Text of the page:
THE PACERS ARE HUMAN AFTER ALL
It is never a bad thing to be the last remaining undefeated team in the NBA, and that is the exact position the Indiana Pacers found themselves in this month. Some might say that they had an easy stretch to begin the regular season, but they still amassed impressive wins over the Bulls, Pistons, and Grizzlies to get off to a 9-0 start. Their scoring defense is 1st in the league, the bench has improved, and Paul George is putting up MVP caliber numbers so far. But on Saturday night at the United Center, more than a week after they dispatched the Bulls in Indiana, it was Chicago’s turn at the dispatching.
Derrick Rose had one of his best performances so far upon his return to action (20 points, 6 made three-pointers, no turnovers) while George went 3 for 14. The Bulls beat the Pacers 110-94 before getting a four day layoff and getting an overtime win in the Garden over the Knicks. You worry sometimes about peaking too early when it comes to teams that get their first “L” last. The Utah Jazz went unbeaten for quite a while in the 2006-07 season and they did not even get home court advantage in the first round. The New Orleans Hornets were the last undefeated team in the 2010-11 season and they wound up barely making the playoffs as a 7 seed.
It is good to overachieve at any point in the regular season, especially when the Miami Heat seems to be easing their way into the early months of the season. But at 10-1, with ESPN and the overhype machine already interviewing the Pacers team and examining their every move in the month of November, Indiana might want to be careful and make sure that the magnifying glass on this really good team doesn’t suddenly start burning them alive.
If there is one fact or job that gets very easily overlooked by writers and fans alike when it comes to building great teams, it is that of the assistant coach. You are firmly buried in the bench sandwiched between other coaches, players who never play, or trainers. But you had to appreciate the work put in by the coaching staff of the Dallas Mavericks back in 2011 when they won the NBA Title. The Mavericks had a very good roster, but that was an older team that needed a lot of preparation and fine tuning to eventually win the championship the way they did. Rick Carlisle and Dirk Nowitzki deserve a lot of the credit for that, but there were two key assistants on that team that went unnoticed by some: Dwayne Casey and Terry Stotts.
Like Casey, who had coached the Timberwolves for two seasons, Stotts had also been a head coach on two different occasions before joining Dallas. His first stint was the unfortunate task of coaching the god awful Atlanta Hawks in ’03 and ’04, he then took a gig with the forgettable Milwaukee Bucks in ’06 and ’07. In those two stops, Stotts never had a winning record. That is why it did not seem like a surprise to many when the Portland Trail Blazers went 33-49 in Stotts’ first season as the head coach. Casey, meanwhile, has been having struggles of his own as the head coach of the Toronto Raptors. Moving to the big coach’s chair can be tough for plenty of smart coaches, but for Stotts, it looks like the third try might be the charm.
The Blazers, thanks to efficient three-point shooting and a terrific sophomore year from point guard Damian Lillard, have gotten off to a 10-2 start and an 8-game winning streak, their longest in six years. Their scoring offense and defense both sit in the top ten in the league. Their schedule has been even softer during that streak than the Pacers’ has been (Since 11/8, the Blazers have yet to play a team with a winning record). But remember that the only loss of the San Antonio Spurs, those old stallions off to a franchise-best start of their own, was a 115-105 defeat in Portland. I do not want to claim that Stotts will win the Coach of the Year award yet, but when it comes to redemption and making the most out of an opportunity, the Blazers head coach has done just that so far.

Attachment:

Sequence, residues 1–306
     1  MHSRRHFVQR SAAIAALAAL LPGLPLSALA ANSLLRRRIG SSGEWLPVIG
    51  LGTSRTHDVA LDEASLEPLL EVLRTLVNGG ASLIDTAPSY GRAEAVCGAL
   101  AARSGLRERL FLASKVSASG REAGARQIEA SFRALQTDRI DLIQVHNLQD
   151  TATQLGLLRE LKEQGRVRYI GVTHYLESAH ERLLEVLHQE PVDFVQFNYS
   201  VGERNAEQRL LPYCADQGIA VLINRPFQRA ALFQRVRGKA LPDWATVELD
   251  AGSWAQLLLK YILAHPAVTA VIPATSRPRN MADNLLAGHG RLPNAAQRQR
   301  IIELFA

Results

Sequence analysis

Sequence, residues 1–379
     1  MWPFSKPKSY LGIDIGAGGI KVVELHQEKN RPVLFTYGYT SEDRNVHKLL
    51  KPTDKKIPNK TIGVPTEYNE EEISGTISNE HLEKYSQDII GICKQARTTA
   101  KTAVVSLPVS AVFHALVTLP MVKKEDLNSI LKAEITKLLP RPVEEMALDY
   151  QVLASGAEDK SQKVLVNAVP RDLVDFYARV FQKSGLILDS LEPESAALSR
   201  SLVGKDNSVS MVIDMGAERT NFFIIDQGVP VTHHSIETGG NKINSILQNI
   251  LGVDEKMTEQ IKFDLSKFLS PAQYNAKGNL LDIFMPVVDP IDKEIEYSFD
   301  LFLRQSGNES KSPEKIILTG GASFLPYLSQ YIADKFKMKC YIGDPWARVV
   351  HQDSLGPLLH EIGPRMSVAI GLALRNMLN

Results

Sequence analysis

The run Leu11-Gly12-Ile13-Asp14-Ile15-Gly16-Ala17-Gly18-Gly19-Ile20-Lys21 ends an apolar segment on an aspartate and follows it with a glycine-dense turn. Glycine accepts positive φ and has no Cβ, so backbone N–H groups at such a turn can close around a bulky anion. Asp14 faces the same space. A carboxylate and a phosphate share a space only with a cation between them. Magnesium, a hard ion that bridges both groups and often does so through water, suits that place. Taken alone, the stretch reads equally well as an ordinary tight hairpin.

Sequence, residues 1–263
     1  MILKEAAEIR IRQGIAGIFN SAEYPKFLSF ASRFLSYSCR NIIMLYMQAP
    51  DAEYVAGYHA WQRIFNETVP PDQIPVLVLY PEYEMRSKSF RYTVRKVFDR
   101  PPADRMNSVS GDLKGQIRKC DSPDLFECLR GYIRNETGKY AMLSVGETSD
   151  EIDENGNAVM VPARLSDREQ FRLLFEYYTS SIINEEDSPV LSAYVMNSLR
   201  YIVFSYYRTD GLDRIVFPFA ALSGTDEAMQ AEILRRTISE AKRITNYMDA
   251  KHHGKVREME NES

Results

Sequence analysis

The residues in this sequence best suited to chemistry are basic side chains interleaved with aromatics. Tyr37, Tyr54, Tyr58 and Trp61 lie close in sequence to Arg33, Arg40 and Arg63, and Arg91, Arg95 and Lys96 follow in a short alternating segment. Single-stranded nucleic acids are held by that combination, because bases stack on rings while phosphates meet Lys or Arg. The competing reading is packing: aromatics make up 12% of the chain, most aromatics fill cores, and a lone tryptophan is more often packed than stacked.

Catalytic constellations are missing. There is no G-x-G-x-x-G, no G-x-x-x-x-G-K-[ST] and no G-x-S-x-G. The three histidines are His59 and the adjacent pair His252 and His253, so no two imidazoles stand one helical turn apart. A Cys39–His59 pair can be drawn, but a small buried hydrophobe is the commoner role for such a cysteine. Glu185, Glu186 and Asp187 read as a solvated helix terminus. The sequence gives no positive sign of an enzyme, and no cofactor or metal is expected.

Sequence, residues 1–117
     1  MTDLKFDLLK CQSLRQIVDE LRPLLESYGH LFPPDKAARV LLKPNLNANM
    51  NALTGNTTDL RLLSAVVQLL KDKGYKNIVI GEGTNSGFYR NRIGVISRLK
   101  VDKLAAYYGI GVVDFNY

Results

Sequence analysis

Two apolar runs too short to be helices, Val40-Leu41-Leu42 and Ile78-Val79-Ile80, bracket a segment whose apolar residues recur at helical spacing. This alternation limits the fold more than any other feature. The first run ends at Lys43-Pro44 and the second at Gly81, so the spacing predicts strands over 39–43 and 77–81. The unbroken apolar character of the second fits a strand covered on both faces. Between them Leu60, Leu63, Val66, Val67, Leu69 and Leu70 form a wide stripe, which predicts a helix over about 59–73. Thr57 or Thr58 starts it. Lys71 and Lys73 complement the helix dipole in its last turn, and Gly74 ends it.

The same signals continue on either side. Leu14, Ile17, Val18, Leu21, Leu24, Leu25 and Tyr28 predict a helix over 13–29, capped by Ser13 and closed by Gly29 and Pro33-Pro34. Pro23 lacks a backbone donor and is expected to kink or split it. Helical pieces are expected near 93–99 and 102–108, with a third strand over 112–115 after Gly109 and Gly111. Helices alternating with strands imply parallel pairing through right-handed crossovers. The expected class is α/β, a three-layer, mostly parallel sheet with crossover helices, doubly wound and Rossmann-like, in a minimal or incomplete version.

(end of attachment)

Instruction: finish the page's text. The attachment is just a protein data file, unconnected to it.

THE LEAST-ERN CONFERENCE
After talking about the recent head coaching success of Terry Stotts in Portland, let us discuss the team coached by his former assistant who won a ring in Dallas, Dwayne Casey’s Toronto Raptors. The Raptors have gotten off to another ho-hum 5-7 start to a season that has provided just a few highlights. But what if I told you that the Raptors at 5-7 stand alone right now at first place in the Atlantic Division? That is exactly the case as the Philadelphia 76ers are slowly coming back to earth with their depleted roster, the Nets and Knicks have looked like disasters in the opening weeks, and the Celtics are clearly rebuilding.
But that only tells one-third of the tale in what is looking like a terribly weak Eastern Conference. Sure, you have your Miami Heat and Indiana Pacers to possibly win it all for the conference, but it is not looking good if those Raptors at 5-7 have the fourth best record in the East. Outside of the Heat and Pacers, the only other two teams currently above .500 are the Bulls and Atlanta Hawks. There have been so many disappointments in the losing column for the East so far, it is difficult to point out just one. The Wizards and Bucks have had rotten stretches so far. Even good starts like the one that the Orlando Magic had have fallen apart as Orlando now has a 4-7 record. The overpriced Nets and Knicks both have only 3 wins so far this season. It says something when one of the most consistent teams in your conference at 6-6 is the Charlotte Friggin’ Bobcats!
There was a steady history in the 2000’s of the Western Conference having more depth and wins on their board than their rival conference could put together. And that lopsidedness has definitely returned to form this season, with nine winning teams right now in the West against the mere four on the other side. Writers always talk about the muddled middle in regular season standings, but so far this season, the only teams playing like mud are the ones in the Eastern Conference. It’s hard to be considered the middle of the conference when you’re at the bottom of the league standings overall.
NOT SO HOT IN CLEVELAND
And as my first selection of discussing those disappointing teams in the Eastern Conference, the easiest pick would be the Cleveland Cavaliers. When Mike Brown, who had enjoyed great seasons alongside LeBron James for Cleveland before, was hired back by Dan Gilbert to bring along All-Star point guard Kyrie Irving, it seemed to make a lot of sense. The team needed more of a defensive focus than they had done under Byron Scott, and Brown has proven that he can toughen up young guys in the regular season. Signing Andrew Bynum seemed like a steal of sorts while they were bringing in another #1 pick in Anthony Bennett. Kenny Smith even said that the Cavs would win 50 games.